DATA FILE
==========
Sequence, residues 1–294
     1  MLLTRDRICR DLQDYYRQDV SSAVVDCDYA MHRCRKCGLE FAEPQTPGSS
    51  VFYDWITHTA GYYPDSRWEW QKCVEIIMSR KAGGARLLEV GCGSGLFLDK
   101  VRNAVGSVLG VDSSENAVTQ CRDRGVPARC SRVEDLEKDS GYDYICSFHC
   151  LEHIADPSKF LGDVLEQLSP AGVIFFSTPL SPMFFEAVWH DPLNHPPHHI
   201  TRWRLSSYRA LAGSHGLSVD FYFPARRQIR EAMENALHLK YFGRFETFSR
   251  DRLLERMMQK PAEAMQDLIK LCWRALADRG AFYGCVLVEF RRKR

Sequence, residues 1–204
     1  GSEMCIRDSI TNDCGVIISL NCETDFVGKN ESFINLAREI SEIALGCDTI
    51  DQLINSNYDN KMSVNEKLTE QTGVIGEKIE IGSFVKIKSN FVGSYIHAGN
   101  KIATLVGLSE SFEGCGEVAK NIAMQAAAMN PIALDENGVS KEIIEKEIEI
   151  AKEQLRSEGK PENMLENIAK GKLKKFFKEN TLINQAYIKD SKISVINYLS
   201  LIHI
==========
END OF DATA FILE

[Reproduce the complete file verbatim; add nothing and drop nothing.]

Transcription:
Sequence, residues 1–294
     1  MLLTRDRICR DLQDYYRQDV SSAVVDCDYA MHRCRKCGLE FAEPQTPGSS
    51  VFYDWITHTA GYYPDSRWEW QKCVEIIMSR KAGGARLLEV GCGSGLFLDK
   101  VRNAVGSVLG VDSSENAVTQ CRDRGVPARC SRVEDLEKDS GYDYICSFHC
   151  LEHIADPSKF LGDVLEQLSP AGVIFFSTPL SPMFFEAVWH DPLNHPPHHI
   201  TRWRLSSYRA LAGSHGLSVD FYFPARRQIR EAMENALHLK YFGRFETFSR
   251  DRLLERMMQK PAEAMQDLIK LCWRALADRG AFYGCVLVEF RRKR

Sequence, residues 1–204
     1  GSEMCIRDSI TNDCGVIISL NCETDFVGKN ESFINLAREI SEIALGCDTI
    51  DQLINSNYDN KMSVNEKLTE QTGVIGEKIE IGSFVKIKSN FVGSYIHAGN
   101  KIATLVGLSE SFEGCGEVAK NIAMQAAAMN PIALDENGVS KEIIEKEIEI
   151  AKEQLRSEGK PENMLENIAK GKLKKFFKEN TLINQAYIKD SKISVINYLS
   201  LIHI